The collected writings of Greg Gerritt on topics along the ecology/economy interface with a special emphasis on how to bring prosperity to Rhode Island while the economy shrinks by healing our local ecosystems. Articles posted are posted as Pages. To get back to the main page click on the Prosperity For RI blue header
Capitalism and free markets are based on the idea that everyone will have perfect information. The GMO industry claims to be for free enterprise, but they seem to constantly violate the rule of perfect information for all consumers intentionally and deceptively. clearly they are nothing but thuggish rent seekers seeking subsidies by buying public officials.
Yesterday I attended a statehouse presentation coordinated by the RI Bays, Rivers, and Watersheds Coordination Team reviewing the shoreline special area management plan, the Beach SAMP. This little commentary is primarily going to those who attended, and a few of my colleagues. The speakers, primarily from government agencies, spoke on climate change induced sea level rise and what it means for Rhode Island. All well and good, but it was infused with a great deal of magical thinking about keeping intact our shoreline communities with private control of access to the shore while expecting public subsidy in order to safely keep them there. There was a stunned silence after I finished my question about magical thinking, though eventually the speaker representing the Real Estate industry mouthed some platitudes.
In this age of austerity, in an age of shrinking livelihoods for many Americans, in an age where the rich demand that we cut their taxes and kowtow to their every whim, while they suck up all the money and insist that free enterprise is the way to the future, we need to call out the hypocrisy of the owners of the shore line when they demand that we either publicly fund the infrastructure they need to maintain their houses and lifestyles and allow them to violate environmental rules and common sense, while they fund climate deniers and demand that the poor be abandoned.
The sea is coming. The issue is not how long can we hold it back for the benefit of home owners, it is how do we adapt to rising sea levels and the slow disintegration of our economy as the climate creates disaster after disaster. We can not allow rebuilding along the cost, we need to engineer a retreat while we create much larger coastal ecological buffers that will reduce our carbon footprint, and improve our feed security.
Recycling the materials in coastal properties, especially the copper, before it falls into the sea is much better for all of us than waiting for the next storm. If the rich insist on waiting it out until the sea comes for them, they should pay the cost of their own stupidity and not expect the rest of us to rescue them and bail them out.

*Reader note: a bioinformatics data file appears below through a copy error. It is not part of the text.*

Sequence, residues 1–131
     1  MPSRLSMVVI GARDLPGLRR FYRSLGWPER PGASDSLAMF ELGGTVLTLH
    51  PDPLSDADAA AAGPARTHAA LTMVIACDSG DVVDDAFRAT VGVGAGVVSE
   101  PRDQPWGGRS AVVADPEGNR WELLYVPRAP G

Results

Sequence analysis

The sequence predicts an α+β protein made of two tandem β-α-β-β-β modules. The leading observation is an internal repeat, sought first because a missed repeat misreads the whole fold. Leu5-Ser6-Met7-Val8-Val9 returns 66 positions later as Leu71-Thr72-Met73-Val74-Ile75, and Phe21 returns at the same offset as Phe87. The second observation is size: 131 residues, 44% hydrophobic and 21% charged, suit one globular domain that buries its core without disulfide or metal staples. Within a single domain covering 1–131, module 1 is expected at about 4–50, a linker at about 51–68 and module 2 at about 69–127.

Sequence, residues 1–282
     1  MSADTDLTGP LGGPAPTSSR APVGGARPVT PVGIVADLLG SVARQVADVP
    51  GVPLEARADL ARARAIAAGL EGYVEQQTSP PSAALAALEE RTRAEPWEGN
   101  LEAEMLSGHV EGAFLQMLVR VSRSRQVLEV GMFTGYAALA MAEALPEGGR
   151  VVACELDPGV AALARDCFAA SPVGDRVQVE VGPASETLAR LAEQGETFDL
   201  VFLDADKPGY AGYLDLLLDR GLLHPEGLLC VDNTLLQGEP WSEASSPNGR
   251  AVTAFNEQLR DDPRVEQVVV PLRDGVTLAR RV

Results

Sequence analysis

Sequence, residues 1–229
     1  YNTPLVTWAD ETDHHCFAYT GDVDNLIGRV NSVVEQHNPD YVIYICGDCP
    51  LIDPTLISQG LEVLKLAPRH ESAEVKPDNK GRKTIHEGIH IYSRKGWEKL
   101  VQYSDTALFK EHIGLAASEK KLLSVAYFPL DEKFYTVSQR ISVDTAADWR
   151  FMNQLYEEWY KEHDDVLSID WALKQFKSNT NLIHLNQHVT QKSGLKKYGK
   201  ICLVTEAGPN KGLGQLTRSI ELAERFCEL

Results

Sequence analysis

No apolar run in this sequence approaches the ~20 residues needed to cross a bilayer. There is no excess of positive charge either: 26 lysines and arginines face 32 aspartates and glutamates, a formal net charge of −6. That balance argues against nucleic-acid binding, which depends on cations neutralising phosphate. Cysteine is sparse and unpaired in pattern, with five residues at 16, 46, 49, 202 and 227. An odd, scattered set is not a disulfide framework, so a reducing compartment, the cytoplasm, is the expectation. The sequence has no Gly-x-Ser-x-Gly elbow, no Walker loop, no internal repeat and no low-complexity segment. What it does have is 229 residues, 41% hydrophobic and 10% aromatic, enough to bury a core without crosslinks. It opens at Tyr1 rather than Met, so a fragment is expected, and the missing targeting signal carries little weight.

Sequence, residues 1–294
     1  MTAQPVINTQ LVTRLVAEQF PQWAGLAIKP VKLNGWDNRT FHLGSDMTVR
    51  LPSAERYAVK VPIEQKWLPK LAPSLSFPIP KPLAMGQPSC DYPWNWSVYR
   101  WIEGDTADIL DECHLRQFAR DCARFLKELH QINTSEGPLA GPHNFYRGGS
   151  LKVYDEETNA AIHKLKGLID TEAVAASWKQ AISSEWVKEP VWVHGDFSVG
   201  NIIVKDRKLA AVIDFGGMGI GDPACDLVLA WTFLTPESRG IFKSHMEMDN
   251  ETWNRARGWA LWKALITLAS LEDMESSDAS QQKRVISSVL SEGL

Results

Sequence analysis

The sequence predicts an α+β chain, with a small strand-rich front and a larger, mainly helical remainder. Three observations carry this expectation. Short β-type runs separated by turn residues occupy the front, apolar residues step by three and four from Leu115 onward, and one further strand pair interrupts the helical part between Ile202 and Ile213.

This is the final video in my 2013 series. I do not know what most of the critters in this video are. The beginning of the video captures images of critters I netted while seeking tadpoles in Providence’s North Burial Ground drainage swale. I have some of those same critters captured in pixels swimming around the swale in natural habitat. The purple flowers are I believe arrow leaf. They grow in the drainage swale, filling the pond in late June and making it impossible to film things swimming in the water after that. The latter part of the video was filmed at the permanent pond in the burial ground. greg
This video project is part of the evolving Wildlife of the North Burial Ground project of Friends of the Moshassuck funded by the Rhode Island Rivers Council.
There is one full time pond in the NBG. When i first started paying attention about 5 years ago on the sunning log you would see up to 6 turtles at a time. This past summer there were 14 after several years of growing a bit each year. Painted Turtles. There is also a snapping turtle in the pond most of the time, but I rarely see it and have never captured it in pixels.
Turtles are but one attraction in the pond. I have video of fish, insects, muskrats, various birds, and various life stages of the Bullfrog from the pond all posted on this channel.
Turtles are hard to film. They ought to be relatively easy. They are largish, relatively slow moving. I am still learning to make videos and had great difficulty getting clear pictures. Besides the murky water that makes in water shots difficult, on the sunning log the intense reflection from the low morning sun off of the shells and heads means i rarely get clear pictures or good color. Hopefully I will figure out how to deal with that eventually as I learn how to use the camera better. And learn how to edit.
There is only 1 log to sun on in the morning in the pond and when it gets crowded it is hard to find a place to climb on. That provides the bulk of the action in the video. I do not think watching a turtle repeatedly try to climb out of the pond onto the log and keep falling back in can hold a viewers attention for very long, so i experimented with speeding it up on occasion. I think if the camera man had a steadier hand it would work pretty well. So watch for it in 2014 as the season progresses. And enjoy my first years efforts here.
I think I now know much more about turtles than I did before I started this endeavor, but I suspect I will learn much more over the next few years of study. Hopefully that too will inform future posts on this channel.